New Police Commissioner Takes the Reins


If you haven’t heard by now, the Village of Floral Park has a brand new police commissioner. After months of vetting candidates, Mayor Kevin Greene and the Board of Trustees finally found the person they had been searching for  — NYPD-veteran Stephen G. McAllister, who won the job over the 23 applicants to replace outgoing Commissioner Michael Reid. McAllister, who was sworn in on July 20 at the Floral Park Board of Trustees meeting at Village Hall, joins the Floral Park Police force with an impressive 27 years in law enforcement.

During his first day on the job, Commissioner McAllister sat down with The Floral Park Dispatch to discuss his new appointment and his plans to keep the Village of Floral Park safe. A Flatbush native and son of Irish immigrants, his parents came to this country and got married at St. Hedwig’s Church in, of all places, Floral Park.

With a distinguished academic background, McAllister graduated with a Bachelor of Science in Special Studies at St. Francis College in Brooklyn, NY and went on to receive a graduate certificate in Criminal Justice Studies from the FBI National Academy-University of Virginia in Quantico. Subsequently, he obtained a Master of Arts in Criminal Justice from John Jay College, City University of New York, specializing in Police Administration and graduated from the Police Management Institute, Columbia University Business School in New York.

McAllister’s journey has run the gamut of police work and, at almost every step of the way, his talents have been recognized by promotion after promotion. In 1984, he first became a police officer. His early career as sergeant on the streets of Brooklyn offered him a bird’s-eye view into the world of narcotics of mostly buy-and-bust operations. He was eventually offered an opportunity in internal affairs investigating corruption within the New York Police Department. “Our job was to uncover the truth,” McAllister said. His quickly moved up the ranks to lieutenant and began training internal investigators, teaching them practical exercises to retain their knowledge.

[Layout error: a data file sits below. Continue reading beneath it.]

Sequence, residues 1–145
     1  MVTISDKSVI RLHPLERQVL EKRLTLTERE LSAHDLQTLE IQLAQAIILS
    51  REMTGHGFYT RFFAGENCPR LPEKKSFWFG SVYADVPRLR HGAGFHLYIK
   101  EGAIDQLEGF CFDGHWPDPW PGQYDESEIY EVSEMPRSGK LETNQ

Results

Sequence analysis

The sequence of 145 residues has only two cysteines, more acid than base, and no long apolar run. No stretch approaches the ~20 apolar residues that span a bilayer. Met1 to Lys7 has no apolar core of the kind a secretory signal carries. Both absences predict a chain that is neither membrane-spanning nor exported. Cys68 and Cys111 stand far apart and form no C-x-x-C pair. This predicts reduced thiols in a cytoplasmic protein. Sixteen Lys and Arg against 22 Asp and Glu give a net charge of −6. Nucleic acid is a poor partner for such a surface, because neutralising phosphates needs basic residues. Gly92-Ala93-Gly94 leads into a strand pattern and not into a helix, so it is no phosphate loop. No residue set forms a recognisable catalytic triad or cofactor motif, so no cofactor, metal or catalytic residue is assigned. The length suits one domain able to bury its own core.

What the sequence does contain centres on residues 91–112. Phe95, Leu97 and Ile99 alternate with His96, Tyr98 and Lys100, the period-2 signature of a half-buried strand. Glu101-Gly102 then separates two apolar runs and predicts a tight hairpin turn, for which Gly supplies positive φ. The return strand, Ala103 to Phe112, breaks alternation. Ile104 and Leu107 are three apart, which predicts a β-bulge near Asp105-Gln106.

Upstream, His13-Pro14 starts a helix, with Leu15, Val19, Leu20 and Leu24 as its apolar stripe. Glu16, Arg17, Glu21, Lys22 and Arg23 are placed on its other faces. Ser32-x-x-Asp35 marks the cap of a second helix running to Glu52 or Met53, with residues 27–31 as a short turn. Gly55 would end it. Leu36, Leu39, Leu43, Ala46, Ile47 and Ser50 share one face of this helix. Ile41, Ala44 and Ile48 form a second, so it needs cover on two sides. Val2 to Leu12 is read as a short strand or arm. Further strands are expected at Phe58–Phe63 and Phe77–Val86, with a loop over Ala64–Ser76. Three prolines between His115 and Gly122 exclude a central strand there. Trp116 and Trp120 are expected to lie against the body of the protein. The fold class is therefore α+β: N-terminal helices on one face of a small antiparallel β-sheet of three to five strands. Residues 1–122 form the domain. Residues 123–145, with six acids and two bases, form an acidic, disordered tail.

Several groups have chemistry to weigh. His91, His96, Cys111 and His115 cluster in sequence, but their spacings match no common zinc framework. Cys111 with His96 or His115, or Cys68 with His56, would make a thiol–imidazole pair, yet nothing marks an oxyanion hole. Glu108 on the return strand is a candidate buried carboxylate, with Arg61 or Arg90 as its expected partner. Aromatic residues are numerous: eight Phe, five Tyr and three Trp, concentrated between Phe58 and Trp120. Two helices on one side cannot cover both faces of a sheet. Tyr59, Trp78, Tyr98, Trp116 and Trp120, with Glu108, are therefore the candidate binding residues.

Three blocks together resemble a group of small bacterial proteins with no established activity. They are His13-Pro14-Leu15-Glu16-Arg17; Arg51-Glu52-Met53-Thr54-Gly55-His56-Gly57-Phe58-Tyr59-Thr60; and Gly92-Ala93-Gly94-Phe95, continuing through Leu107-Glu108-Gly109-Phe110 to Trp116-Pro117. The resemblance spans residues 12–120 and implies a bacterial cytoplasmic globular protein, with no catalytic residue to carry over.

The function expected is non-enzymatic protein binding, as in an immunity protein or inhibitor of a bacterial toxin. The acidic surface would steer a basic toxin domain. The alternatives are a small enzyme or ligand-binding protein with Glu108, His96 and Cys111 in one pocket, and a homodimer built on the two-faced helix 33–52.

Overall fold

His experience led him to one of his most challenging roles as inspector of the NYPD and commanding officer of the Transit Borough of Manhattan from 2005 to 2008. There, he oversaw nearly 1,000 employees, who were charged with safety and security of five million daily riders within the New York subway system. Under his command, he says the Transit Borough Manhattan experienced an overall decrease in reported crime of 34 percent.     

Following that position, he was hired as a crime control strategy consultant for the City of Newark Police Department where he was responsible for analyzing all departmental policies and procedures.

Utilizing the Comp-Stat process as it is referred to, McAllister examined crime and internal police department procedures allowing for the re-engineering of those procedures in response to crime and their effect within the Newark community and the efficiencies of the Agency.  

McAllister, a 12-year resident of Floral Park, said that making the switch from NYPD to becoming a commissioner was a dream opportunity. “This was a chance to direct my own agency,” McAllister said. “It’s a great opportunity to service the community where I am raising my family,” he added.  “Not a lot of people get that opportunity and I do,” he said. “I am the chief guardian of our community and as such, it’s a tremendous responsibility but also a tremendous opportunity.” McAllister, who lives with his wife, Catherine, and his five children, says he loves the Floral Park community and is proud to be the coach of a dozen teams.

In his new tenure, the commissioner hopes to look at the way the department goes about its daily business and correct any inefficiencies. In charge of 35 sworn uniformed officers and 10 additional employees, McAllister acknowledged that the Village of Floral Park does not have a lot of crime. He hopes that using the GIS platform, which gives staff the ability to analyze millions of police records and data to make better decisions. GIS applications allow officers to accurately map crime rates and patterns and ultimately can help see where accidents or incidents of crime occur. “We’re going to try to get out in front. I believe in a proactive police style to get ahead of the problem,” McAllister said.

After recent reports of vandalism of parking meters in the village, McAllister said that the vandals were apprehended. “Right now, there’s no real pressing issues [in the village] other than the neighbor versus neighbor, parking… and they have to be addressed,” he said. McAllister added that he wasn’t opposed to the idea of installing security cameras in the village should crime increase. “That’s a potential solution, it’s a tool that I don’t discount,” he added.

McAllister says in the coming months he will be getting up to speed on the hot-button issues and integrating himself with the public. He also expressed his interest in meeting members of the community and listening to their concerns and solving problems. “Right now, I am reaching out and trying to introduce myself to much of the village, especially people who do the administration of the village, the unofficial leaders of the community,” he explained. Come the fall, he plans on attending local community organization meetings and talking to their members. “I want them [citizens] to be able to come to me with their problems and hope they think I can resolve them. If I can, if it’s within my power and my scope, I definitely will. If not, I will refer them to the proper authority that could rectify their problem.”

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